"Why do we believe in and practice polygamy? Because the Lord introduced it to his servants in a revelation given to Joseph Smith [D&C 132], and the Lord's servants have always practiced it. 'And is that religion popular in heaven? It is the only popular religion there, for this is the religion of Abraham, and unless we do the works of Abraham, we are not Abraham's seed and heirs according to the promise'" (Journal of Discourses, 9:322).

      "It is the word of the Lord, and I wish to say to you, and all the world, and if you desire to obtain the blessings which Abraham obtained, you will be polygamists in at least your faith, or you will come short of enjoying the salvation and the glory which Abraham has obtained. This is as true as that God lives" (JD 11:268-9)

    Here are some remarks made by other Mormon Prophets on the same subject:

      "The reason why the Church and Kingdom of God cannot advance without the Patriarchal order of marriage, is that it belongs to this dispensation, just as baptism for the dead does, or any law or ordinance that belongs to a dispensation. Without it the Church cannot progress. The leading men of Israel who are presiding over Stakes will have to obey the law of Abraham, or they will have to resign" (Life of Wilford Woodruff, p.542).

    A Mormon 'Stake' is the equivalent to an orthodox Christian 'Bishopric'.

    Now the implications here are quite obvious. To be in a position of high leadership you have to be married polygamously whether you want to or not. But more than that, in Mormonism plural marriage was a doctrine of salvation:

      "Some people have supposed that the doctrine of plural marriage was a sort of superfluity or non-essential to the salvation of mankind ... I wish here to enter my solemn protest against this idea for I know it is false ... Whoever has imagined that he could obtain the fullness of the blessing pertaining to this celestial law, by complying with only a portion of its conditions, has deceived himself" (Joseph F. Smith, JD 11:269).

    The modern Mormon Church would, of course, deny these statements, and the hundreds of others made by early LDS leaders, saying that a man may obtain the highest rewards in a state of monogamy. That is, of course, up to LDS and FLDS at argue amongst themselves, for we know of no such law in the Bible. As the years passed by, Mormon leaders progressively distanced themselves from the doctrine and practice of polygamy in order to be 'politically correct'. John E. Widtsoe, a Mormon General Authority, reflected this when he said: "We do not understand why the Lord commanded the practice of plural marriage" (Improvement Era, March 1943). The FLDS 'understand', of course, because they are merely following the teachings of the early LDS prophets.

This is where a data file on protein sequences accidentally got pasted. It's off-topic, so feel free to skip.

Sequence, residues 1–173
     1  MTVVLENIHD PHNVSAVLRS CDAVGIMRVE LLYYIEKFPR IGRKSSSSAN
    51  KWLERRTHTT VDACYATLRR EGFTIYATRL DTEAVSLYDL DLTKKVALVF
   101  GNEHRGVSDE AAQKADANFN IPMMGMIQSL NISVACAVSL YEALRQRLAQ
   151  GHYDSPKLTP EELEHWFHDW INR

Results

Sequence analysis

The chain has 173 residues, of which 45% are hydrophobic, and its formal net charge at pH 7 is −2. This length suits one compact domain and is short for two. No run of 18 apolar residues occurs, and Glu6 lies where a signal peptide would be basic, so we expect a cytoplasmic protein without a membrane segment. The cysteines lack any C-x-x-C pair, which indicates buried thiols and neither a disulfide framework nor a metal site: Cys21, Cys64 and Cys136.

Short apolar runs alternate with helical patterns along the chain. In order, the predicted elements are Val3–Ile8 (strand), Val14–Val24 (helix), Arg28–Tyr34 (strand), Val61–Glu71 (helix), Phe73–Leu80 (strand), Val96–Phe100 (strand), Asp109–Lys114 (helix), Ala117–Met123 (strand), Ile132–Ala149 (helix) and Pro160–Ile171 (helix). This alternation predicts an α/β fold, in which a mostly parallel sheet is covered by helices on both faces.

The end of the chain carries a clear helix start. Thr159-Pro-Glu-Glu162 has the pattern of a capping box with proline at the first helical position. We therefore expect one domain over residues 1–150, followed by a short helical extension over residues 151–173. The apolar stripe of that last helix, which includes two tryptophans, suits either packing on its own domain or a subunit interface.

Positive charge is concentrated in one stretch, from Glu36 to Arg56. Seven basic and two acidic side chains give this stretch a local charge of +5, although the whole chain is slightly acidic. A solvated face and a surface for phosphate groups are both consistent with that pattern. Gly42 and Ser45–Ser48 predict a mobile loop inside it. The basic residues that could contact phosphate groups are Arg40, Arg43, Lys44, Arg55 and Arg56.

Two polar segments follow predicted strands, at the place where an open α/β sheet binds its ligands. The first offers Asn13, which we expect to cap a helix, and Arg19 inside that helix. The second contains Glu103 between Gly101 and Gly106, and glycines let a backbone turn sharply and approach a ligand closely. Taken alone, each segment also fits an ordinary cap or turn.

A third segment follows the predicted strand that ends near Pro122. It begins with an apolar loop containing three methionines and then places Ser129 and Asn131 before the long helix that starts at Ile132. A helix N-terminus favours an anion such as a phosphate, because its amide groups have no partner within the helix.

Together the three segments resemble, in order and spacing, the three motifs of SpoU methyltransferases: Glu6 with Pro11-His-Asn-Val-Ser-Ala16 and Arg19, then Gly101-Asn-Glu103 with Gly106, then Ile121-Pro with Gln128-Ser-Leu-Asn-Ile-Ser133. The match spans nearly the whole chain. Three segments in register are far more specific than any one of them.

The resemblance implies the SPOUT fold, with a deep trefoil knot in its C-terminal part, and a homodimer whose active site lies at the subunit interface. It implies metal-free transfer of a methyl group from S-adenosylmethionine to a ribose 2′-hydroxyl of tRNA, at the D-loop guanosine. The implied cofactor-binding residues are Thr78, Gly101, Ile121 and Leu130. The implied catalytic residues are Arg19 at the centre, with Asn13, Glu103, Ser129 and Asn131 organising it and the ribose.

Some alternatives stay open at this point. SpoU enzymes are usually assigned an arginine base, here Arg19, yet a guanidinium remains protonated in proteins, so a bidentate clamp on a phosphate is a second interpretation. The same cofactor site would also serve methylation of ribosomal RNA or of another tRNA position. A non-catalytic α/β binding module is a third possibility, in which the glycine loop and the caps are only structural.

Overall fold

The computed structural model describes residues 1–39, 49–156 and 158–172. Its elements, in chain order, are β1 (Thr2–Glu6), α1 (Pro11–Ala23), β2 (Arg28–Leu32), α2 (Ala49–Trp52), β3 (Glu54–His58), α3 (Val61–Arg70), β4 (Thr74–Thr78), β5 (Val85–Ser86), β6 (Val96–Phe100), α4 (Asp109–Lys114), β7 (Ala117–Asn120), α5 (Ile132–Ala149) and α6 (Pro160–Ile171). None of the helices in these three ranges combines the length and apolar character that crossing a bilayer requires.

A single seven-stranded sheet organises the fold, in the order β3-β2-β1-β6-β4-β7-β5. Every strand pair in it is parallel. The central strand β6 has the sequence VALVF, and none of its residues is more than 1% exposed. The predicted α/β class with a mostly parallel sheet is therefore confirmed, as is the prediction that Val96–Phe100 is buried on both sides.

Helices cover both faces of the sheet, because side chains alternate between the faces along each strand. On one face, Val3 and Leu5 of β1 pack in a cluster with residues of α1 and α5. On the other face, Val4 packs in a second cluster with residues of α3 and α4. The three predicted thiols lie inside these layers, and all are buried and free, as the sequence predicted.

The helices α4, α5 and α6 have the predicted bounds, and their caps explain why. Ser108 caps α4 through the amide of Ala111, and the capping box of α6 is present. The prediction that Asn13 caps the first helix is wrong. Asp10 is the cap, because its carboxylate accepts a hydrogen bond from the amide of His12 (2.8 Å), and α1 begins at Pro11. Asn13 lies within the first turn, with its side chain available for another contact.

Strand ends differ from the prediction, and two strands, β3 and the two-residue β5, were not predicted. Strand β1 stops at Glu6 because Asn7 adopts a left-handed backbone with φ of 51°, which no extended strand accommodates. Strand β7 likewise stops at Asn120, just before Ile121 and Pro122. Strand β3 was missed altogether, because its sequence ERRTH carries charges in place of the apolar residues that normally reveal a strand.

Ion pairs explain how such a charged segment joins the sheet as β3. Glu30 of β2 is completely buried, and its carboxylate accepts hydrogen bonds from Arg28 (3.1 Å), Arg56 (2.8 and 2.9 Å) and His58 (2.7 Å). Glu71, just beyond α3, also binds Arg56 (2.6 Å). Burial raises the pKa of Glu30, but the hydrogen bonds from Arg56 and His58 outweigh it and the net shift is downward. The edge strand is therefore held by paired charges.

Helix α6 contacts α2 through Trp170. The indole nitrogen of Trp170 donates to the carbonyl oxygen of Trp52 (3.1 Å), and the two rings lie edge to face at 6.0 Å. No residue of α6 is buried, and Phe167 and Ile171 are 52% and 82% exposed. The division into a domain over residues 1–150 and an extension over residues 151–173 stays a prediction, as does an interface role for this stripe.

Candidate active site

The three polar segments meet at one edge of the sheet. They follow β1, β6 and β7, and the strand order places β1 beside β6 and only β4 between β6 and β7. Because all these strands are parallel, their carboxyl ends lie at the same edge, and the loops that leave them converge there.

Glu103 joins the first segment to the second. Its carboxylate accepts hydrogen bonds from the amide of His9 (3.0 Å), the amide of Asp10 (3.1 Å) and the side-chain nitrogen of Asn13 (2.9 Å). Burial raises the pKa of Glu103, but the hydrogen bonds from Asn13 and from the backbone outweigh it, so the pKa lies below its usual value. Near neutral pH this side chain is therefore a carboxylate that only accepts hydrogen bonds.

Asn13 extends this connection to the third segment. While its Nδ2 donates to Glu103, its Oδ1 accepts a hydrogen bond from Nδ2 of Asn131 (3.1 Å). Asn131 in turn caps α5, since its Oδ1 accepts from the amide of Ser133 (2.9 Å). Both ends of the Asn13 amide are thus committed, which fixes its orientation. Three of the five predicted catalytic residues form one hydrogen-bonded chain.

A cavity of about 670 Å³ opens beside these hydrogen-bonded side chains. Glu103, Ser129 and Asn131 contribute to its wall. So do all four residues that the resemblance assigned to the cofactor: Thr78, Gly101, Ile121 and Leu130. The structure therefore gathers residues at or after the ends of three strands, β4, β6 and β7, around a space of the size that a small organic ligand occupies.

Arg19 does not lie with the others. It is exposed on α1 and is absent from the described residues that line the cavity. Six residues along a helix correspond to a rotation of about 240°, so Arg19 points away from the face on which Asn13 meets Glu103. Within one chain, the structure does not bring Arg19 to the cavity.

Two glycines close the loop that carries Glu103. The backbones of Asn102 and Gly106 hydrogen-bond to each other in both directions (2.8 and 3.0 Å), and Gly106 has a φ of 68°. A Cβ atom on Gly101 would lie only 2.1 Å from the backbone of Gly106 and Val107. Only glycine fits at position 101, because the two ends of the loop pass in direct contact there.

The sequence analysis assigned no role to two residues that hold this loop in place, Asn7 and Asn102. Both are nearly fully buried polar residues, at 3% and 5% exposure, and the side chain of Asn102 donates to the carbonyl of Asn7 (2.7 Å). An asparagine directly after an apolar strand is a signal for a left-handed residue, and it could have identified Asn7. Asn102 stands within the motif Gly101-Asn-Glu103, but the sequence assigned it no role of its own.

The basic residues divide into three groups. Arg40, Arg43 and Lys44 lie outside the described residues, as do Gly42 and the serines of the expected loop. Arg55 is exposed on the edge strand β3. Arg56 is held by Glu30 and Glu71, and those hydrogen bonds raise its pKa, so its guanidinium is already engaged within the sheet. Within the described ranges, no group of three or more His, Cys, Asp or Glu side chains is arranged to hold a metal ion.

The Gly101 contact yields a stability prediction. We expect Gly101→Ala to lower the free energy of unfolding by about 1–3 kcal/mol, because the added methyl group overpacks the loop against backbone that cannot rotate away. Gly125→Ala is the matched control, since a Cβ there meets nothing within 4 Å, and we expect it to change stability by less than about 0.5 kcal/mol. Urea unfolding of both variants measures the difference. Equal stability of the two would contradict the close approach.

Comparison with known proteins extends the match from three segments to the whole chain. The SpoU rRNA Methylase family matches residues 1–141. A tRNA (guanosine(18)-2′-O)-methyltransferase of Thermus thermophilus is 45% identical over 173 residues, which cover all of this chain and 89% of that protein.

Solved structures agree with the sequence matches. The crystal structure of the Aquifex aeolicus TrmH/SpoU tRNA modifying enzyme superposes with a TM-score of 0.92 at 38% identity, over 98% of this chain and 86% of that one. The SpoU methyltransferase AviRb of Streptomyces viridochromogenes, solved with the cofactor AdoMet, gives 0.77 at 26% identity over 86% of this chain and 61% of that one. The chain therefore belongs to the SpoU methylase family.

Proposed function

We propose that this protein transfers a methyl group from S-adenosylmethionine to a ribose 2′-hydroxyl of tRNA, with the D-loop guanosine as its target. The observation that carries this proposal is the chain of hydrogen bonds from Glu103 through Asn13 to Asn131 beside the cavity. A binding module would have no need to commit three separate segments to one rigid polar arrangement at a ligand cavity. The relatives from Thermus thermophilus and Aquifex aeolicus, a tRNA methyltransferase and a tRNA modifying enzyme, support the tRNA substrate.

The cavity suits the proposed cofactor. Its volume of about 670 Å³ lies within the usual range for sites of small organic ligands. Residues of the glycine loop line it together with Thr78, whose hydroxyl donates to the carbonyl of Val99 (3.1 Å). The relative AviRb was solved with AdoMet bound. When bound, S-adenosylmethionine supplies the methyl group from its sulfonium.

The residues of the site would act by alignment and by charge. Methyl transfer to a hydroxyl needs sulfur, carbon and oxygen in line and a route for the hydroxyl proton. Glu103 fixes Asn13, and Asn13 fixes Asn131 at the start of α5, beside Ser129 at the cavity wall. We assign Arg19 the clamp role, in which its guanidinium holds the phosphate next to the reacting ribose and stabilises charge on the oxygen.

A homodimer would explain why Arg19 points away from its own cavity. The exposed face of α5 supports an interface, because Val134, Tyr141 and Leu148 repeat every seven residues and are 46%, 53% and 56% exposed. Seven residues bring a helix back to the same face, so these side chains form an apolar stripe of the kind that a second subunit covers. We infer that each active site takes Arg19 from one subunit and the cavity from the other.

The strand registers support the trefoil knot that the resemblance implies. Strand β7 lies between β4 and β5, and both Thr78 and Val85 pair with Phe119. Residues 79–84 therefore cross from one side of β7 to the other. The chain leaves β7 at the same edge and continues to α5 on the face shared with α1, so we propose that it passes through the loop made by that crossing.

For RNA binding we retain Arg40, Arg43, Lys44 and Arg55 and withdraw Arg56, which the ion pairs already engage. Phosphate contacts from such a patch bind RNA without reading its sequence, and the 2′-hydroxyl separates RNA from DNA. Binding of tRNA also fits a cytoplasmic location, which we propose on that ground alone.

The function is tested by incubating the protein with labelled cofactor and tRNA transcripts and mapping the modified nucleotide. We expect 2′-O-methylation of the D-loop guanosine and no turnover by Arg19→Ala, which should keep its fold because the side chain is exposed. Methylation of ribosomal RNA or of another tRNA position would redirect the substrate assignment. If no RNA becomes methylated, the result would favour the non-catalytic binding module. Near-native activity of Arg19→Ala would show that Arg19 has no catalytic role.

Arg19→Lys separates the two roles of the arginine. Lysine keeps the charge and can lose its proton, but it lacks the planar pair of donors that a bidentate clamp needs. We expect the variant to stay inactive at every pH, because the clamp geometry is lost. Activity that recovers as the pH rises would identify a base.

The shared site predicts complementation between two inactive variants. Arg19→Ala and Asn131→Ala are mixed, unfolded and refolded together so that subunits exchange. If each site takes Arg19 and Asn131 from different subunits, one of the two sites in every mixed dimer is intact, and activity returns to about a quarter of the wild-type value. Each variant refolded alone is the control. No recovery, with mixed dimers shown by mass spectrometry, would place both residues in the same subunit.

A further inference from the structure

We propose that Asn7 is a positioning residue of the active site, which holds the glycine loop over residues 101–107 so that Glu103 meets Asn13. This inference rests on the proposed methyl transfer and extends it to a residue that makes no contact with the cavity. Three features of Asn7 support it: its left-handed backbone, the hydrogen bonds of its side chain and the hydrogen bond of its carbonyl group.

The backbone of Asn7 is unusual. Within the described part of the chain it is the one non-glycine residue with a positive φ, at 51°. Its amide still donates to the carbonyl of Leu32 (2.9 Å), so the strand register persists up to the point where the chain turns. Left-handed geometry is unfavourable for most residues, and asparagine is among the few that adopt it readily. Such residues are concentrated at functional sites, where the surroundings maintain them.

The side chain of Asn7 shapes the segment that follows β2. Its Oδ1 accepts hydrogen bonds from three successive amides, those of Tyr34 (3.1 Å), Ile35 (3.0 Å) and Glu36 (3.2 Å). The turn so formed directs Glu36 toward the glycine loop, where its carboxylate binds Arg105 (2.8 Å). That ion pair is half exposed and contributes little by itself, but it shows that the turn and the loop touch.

Whatever the modern Mormon Church is, it is certainly not the one that Joseph Smith and Brigham Young established, and its defence of its current anti-polygamist position is weak to say the least. By maintaining their anti-polygamism, they actually undermine their founding fathers:

      "The principle of plurality of wives will never be done away with" (Heber C. Kimball, JD 3:125).

      "We cannot withdraw or renounce it [polygamy]. God has revealed it, and he has promised to maintain it, and to bless those who obey it ..." (Millennial Star, October 6, 1885, 47:707).

    The quarrel between LDS and FLDS factions does not particularly concern me, of course, but I do mention these things only to point out that the FLDS are the true inheritors of the Joseph Smith marriage tradition (irrespective of whether you agree with it or not). And they - the FLDS - have continued to maintain the practice even though the institutional church has abandoned it and effectively disowened its founders. It is because of this that I have considerably more respect for the FLDS than the LDS who are at least consistent with their historical beliefs. And this is why I turn to the FLDS for reliable information about Mormon polygamy and not the modern Mormon Church.

    Speaking of the modern LDS's attitude to polygamy, Richard L. Hone writes:

      "When it comes to the subject of plural marriage, the majority of Mormons know little more than Joseph Smith introduced it to the Church of the Firstborn during the Nauvoo period and that his first wife, Emma, was not pleased about the idea. She was so displeased that she knocked her pregnant sister-wife down a flight of stairs, causing her to miscarry. When asked why it doesn't exist anymore, the answer is usually vague in specifics, but crystal clear in intent. Some answers I have heard over the years are:

        1. God saw fit to remove polygamy from the people for their own protection.

        2. It was a test that the early Mormons passed; so we don't have to practice it anymore.

        3. It was only put here to help the widows out and build up a great population of Mormons. Now that the Church's population is in the millions, it is no longer needed.